Given the strong performance of banks throughout the COVID-19 pandemic and resulting economic downturn, regulators should not need to employ “ad hoc and roughly improvised limitations” on the restrictions of capital distributions going forward, Federal Reserve Vice Chairman for Supervision Randal Quarles said at an industry event today.
Quarles emphasized that the pandemic proved that “our rigorous, forward-looking capital framework, which includes the stress capital buffer, works effectively,” and that while regulators required large banks to resubmit their capital plans and placed restrictions on capital distributions during the height of the crisis, “we now know that we can have particular confidence in the stress capital buffer framework, as it is informed by a real-time stress testing regime.”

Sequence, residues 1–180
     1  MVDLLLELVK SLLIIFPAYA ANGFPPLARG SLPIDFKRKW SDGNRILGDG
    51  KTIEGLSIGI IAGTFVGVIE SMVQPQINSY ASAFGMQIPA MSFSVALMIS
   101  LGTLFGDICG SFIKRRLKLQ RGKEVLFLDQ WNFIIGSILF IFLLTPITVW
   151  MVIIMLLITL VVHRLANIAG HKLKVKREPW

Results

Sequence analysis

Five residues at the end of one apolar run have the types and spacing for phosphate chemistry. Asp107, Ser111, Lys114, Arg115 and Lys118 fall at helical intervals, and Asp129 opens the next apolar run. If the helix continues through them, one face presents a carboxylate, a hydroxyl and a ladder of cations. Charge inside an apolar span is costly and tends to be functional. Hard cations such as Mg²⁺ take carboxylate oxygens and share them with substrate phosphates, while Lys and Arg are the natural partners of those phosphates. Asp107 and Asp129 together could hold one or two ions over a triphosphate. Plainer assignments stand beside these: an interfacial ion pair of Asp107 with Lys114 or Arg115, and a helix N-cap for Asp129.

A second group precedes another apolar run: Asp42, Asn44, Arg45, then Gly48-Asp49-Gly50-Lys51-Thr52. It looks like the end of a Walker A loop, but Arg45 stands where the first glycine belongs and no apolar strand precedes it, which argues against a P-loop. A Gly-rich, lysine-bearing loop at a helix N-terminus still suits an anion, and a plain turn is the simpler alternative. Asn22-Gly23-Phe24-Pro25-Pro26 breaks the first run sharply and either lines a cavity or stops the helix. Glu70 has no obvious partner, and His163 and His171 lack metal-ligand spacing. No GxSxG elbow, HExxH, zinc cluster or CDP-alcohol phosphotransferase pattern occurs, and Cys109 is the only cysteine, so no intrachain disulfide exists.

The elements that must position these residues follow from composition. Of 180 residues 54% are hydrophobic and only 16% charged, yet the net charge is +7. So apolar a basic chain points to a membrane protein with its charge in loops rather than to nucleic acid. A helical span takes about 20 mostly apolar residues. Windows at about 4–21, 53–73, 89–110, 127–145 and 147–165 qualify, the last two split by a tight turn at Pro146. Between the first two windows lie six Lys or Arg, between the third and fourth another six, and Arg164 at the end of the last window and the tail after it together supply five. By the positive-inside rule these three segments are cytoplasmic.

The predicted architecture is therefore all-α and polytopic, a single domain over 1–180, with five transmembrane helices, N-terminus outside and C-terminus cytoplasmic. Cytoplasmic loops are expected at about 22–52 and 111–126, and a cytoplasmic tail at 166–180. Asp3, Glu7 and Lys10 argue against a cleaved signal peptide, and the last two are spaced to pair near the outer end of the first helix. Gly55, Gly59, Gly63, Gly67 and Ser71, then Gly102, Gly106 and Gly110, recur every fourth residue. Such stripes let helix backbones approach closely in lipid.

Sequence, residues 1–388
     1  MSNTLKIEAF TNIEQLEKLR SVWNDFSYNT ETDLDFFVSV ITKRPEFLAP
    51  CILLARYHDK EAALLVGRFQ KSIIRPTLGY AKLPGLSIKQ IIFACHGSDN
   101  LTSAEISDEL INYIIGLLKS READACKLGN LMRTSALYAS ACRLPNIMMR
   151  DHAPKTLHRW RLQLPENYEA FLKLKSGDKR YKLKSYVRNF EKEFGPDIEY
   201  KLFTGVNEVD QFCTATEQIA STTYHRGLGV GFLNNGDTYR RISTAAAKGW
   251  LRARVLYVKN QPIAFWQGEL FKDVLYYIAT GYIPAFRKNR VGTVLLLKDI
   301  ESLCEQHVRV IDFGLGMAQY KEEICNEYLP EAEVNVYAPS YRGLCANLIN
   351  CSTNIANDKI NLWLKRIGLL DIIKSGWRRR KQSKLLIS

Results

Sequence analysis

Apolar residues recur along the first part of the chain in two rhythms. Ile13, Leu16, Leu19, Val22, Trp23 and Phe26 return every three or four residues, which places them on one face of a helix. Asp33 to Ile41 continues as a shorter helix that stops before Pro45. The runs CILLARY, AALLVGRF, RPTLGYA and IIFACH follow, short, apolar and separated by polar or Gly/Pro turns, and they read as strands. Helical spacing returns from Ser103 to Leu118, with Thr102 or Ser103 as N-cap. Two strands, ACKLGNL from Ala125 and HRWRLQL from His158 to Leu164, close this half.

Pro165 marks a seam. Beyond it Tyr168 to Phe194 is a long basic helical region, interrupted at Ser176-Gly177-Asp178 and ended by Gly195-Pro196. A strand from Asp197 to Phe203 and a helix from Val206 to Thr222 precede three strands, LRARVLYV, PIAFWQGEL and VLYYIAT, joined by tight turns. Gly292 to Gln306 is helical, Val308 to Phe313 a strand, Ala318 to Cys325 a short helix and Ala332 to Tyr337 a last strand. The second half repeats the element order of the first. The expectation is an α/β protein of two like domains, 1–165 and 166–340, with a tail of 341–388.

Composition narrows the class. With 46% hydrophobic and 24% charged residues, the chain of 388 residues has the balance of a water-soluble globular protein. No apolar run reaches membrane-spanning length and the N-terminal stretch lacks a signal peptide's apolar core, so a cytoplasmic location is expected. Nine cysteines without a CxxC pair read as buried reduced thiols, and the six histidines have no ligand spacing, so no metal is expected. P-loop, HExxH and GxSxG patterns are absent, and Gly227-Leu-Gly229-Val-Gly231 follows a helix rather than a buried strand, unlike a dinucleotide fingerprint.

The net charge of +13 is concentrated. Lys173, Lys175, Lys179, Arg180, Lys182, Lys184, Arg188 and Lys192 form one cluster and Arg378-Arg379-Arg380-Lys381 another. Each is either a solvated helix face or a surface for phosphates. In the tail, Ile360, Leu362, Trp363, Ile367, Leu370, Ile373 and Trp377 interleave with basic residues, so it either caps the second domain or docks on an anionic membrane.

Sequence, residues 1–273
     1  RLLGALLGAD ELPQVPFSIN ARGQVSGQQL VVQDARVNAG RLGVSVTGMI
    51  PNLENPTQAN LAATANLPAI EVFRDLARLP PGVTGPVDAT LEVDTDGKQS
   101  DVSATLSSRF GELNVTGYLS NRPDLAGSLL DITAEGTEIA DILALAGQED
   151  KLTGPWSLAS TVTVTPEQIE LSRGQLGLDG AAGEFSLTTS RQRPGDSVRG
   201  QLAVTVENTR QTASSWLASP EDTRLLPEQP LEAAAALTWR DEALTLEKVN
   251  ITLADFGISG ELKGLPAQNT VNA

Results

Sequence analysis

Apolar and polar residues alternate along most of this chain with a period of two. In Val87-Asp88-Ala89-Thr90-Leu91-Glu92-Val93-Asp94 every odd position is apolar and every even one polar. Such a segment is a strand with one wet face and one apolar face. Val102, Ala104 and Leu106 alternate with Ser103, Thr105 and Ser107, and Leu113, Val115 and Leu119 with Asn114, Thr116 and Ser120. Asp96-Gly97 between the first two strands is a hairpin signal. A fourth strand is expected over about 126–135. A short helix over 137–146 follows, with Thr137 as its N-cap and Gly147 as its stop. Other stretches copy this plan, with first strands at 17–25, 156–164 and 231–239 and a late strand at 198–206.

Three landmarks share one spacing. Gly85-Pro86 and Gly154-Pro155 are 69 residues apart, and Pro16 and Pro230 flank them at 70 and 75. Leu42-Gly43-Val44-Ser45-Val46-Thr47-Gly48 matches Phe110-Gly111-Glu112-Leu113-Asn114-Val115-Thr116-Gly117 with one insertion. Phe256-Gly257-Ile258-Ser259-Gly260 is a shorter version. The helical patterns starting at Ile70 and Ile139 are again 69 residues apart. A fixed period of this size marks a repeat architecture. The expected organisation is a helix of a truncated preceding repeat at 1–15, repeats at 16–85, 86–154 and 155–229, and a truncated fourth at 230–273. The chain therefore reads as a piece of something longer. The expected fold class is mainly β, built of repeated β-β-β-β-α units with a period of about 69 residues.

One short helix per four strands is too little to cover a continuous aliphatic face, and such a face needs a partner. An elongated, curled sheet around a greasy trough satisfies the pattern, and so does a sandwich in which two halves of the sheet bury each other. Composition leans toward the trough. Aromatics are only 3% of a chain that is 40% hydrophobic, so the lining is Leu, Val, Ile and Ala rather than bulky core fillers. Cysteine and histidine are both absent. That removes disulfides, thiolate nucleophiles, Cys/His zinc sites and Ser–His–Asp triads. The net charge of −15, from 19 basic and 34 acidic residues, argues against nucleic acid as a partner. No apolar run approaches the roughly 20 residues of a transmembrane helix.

While he noted the particular strength of the banking system during COVID-19, Quarles also acknowledged that other areas of the financial system experienced challenges, such as a “concerning” run on prime money market funds and commercial paper that required government intervention to stabilize money markets. “Addressing the shortcomings we saw among non-banks continues to be a focus of both domestic policymakers and the international community, particularly under my chairmanship of the Financial Stability Board,” he said. “We cannot afford to allow the same things to happen again.”